From the shell containing the planet Venus, Dante and Beatrice pass from the shadow of the earth into the full light of the Sun, which occupies the next shell in their outward and upward journey through heavenly Paradise. Beatrice prompts Dante to thank God in prayer, following which they are surrounded by a wheel of sparkling souls, representing the wise.
From among them, Saint Thomas Aquinas introduces himself, and his eleven companions ranging from his spiritual mentor Albert the Great, through King Solomon and Boethius, to one of his theological opponents.
Thomas Aquinas was a Dominican, and next outlines the life of Saint Francis of Assisi. Another wheel of spirits appears and encircles them, from which Bonaventure comes to them and outlines the life and achievements of Saint Dominic. He has eleven companions too.
Just as a third wheel of spirits starts to form in the early evening sky, Dante and Beatrice move upward to the next shell, containing the planet Mars. Here Dante sees a cross formed from the souls of holy warriors, as two shafts of light.
Dante is greeted at the foot of the cross by his great-great-grandfather Cacciaguida, a pious and righteous man who died ‘fighting for God’ in the Second Crusade.
Cacciaguida foresees that Dante will be caught between the politics of Florence and the Pope, and gives him advice as to how to cope with his future exile from the city of Florence. Finally, Cacciaguida identifies to Dante various holy warriors including Joshua, Charlemagne, and Godfrey of Bouillon, then believed to have been responsible for the (re)capture of Jerusalem at the end of the First Crusade.
Giovanni di Paolo di Grazia (c 1403-1482) was a prolific Italian painter who worked primarily in Siena, and was one of the more important members of the early Sienese School. He started work painting miniatures, later making some important altarpieces as well. He created sixty-one images of Paradise for the “Yates Thompson” Dante commissioned by King Alfonso V, and now in the British Museum in London.
Gustave Doré (1832–1883) was the leading French illustrator of the nineteenth century, whose paintings are still relatively unknown. Early in his career, he produced a complete set of seventy illustrations for translations of the Inferno, which were first published in 1857 and continue to be used. These were followed in 1867 by more illustrations for Purgatorio and Paradiso. This article looks at his paintings.
Johann Friedrich Overbeck (1789-1869) was a German painter who, like Philipp Veit, joined the Nazarenes. By coincidence, over the same period that Veit was painting his ceiling in the Casa Massimo in Rome, Overbeck was busy on a magnificent fresco telling the story of Torquato Tasso’s epic of Jerusalem Delivered in another room there. The detail shown above is of the thanksgiving made by the crusaders after they had recaptured the city of Jerusalem. Peter the Hermit stands holding the crucifix, as Godfrey of Bouillon, still wearing his armour, sinks on bended knee.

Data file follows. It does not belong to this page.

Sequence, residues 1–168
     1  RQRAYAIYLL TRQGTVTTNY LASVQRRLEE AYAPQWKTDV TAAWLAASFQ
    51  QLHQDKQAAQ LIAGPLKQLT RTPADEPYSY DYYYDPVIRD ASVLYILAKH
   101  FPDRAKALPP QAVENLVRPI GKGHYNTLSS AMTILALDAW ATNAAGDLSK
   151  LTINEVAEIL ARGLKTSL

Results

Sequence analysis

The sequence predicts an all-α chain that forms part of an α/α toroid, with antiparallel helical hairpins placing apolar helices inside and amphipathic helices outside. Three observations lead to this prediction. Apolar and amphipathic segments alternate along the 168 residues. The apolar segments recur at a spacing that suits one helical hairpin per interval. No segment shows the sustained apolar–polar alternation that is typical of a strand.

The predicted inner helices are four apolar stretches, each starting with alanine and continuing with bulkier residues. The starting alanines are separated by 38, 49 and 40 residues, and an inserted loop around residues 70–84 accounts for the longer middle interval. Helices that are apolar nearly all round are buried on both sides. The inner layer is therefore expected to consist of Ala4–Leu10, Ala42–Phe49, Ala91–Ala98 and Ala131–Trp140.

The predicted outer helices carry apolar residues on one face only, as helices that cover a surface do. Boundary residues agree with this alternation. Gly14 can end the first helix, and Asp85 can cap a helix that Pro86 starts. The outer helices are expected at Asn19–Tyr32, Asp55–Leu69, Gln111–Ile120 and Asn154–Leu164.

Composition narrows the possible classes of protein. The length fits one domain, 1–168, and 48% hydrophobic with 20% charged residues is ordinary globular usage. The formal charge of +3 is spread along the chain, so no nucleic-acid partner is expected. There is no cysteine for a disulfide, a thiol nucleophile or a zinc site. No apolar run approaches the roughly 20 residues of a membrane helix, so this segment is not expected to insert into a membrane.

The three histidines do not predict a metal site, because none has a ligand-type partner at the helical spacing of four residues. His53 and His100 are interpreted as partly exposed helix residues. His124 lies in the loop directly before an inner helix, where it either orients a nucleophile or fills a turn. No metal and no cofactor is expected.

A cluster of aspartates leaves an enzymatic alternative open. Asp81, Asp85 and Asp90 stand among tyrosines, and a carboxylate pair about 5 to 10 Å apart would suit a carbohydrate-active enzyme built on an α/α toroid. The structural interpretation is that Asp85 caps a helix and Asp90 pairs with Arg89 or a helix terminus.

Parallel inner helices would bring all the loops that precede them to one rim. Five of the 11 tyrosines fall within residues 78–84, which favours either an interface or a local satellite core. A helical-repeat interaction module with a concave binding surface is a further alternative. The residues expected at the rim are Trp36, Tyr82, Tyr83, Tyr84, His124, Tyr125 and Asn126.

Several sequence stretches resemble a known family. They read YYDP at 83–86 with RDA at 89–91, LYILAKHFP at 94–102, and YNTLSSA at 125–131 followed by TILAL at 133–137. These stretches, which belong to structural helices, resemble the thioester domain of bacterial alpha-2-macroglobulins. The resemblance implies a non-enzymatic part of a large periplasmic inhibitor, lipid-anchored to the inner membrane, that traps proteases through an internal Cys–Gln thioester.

Philipp Veit (1793–1877) was a German Romantic painter who was partly responsible for the revival of fresco techniques in the early nineteenth century. He was a pupil of Caspar David Friedrich in Dresden, and later trained in Vienna. A prodigious draftsman, he preferred watercolours to oils. He went to Rome where he joined the Nazarenes, later returning to Frankfurt, where he became professor.
Diego Velázquez (1599–1660) was one of the great Spanish Masters, whose life and career I have detailed recently. The painting above shows a popular legendary episode in the life of Thomas Aquinas. According to contemporary accounts, the saint’s family wanted him to withdraw from the Dominican Order, so he was abducted and brought home, where his brothers sent a woman to his room in a bid to tempt him to break his vow of chastity. Thomas responded by taking a burning log from the fire, drawing the sign of the cross with it, and chasing the woman away. He then fell into a deep sleep, during which two angels visited him and secured a belt around his waist as a sign of his chastity.
Robin Kirkpatrick (trans) (2012) Dante, The Divine Comedy, Inferno, Purgatorio, Paradiso, Penguin Classics. ISBN 978 0 141 19749 4.
Richard Lansing (ed) (2000) The Dante Encyclopedia, Routledge. ISBN 978 0 415 87611 7.
Guy P Raffa (2009) The Complete Danteworlds, A Reader’s Guide to the Divine Comedy, Chicago UP. ISBN 978 0 2267 0270 4.
Prue Shaw (2014) Reading Dante, From Here to Eternity, Liveright. ISBN 978 1 63149 006 4.